The Buddhist path is very often a logical one. It presents a problem, a solution and a systematic model to follow for creating change. In this regard it has a lot in common with Cognitive Behavioural Therapy (CBT). Like CBT it requires effort, consistency and follow-through in applying strategies in order to stimulate real, lasting change. It is not the passive perusing of books, but a hands-on approach to systematically working with how we have constructed our subjective experience of the world and the dismantling of great parts of it in order to give rise to authentic, awakened living. When looking at the eightfold path it’s important to understand that ‘our Eightfold Path’ is both created through volitional action, and met, through discovering a naturally emerging way of living that is in harmony with the flowering of awareness and presence.
The key to understanding this classic teaching is to view it as an integrated and inclusive model for bringing awareness and presence to multiple arenas and aspects of our lives. It is a reliable basis for starting out and for coming back to when things get a little too confused. It is also a mirror of ideals and the potential present in applying ourselves to this cornerstone of the Buddhist quest. It reminds us that when our general communication is out of step with our aspiration to be a better version of ourselves, it weakens our ability to be present, connected and open. It remind us that our mindfulness is impacted by the way we act and work. The Eightfold Path helps us to appreciate the interdependent nature of human experience and how unconscious behaviour in one area of our lives will have consequences for the others.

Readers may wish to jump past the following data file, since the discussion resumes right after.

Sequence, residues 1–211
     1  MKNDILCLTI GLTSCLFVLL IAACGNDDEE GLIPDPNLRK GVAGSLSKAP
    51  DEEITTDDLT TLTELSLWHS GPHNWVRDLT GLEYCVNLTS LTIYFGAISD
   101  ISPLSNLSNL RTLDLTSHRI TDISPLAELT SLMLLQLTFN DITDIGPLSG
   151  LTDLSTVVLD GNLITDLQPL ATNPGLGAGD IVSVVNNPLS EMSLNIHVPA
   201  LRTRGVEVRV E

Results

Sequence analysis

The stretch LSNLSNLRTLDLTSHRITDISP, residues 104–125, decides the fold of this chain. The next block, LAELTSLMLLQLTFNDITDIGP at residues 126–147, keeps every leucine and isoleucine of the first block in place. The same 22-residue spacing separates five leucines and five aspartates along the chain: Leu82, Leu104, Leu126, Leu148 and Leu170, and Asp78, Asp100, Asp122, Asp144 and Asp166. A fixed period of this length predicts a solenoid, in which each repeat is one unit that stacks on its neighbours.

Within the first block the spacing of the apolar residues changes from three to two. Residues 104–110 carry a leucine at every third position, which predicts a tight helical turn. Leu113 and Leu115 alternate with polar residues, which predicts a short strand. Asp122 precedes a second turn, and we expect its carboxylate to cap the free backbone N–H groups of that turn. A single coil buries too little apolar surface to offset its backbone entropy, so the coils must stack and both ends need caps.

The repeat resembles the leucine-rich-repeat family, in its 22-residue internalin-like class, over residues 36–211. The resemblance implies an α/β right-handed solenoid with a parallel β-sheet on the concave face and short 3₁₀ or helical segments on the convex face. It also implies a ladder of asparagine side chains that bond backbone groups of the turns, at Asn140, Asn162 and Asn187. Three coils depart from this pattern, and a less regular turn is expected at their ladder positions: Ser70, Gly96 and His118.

This marks the beginning of a new series of posts on a post-traditional approach to Buddhism. This initial offering is on the Four Noble Truths. I realised that I needed to get to grips once again with this essential Buddhist teaching and do my best to rework it into contemporary language.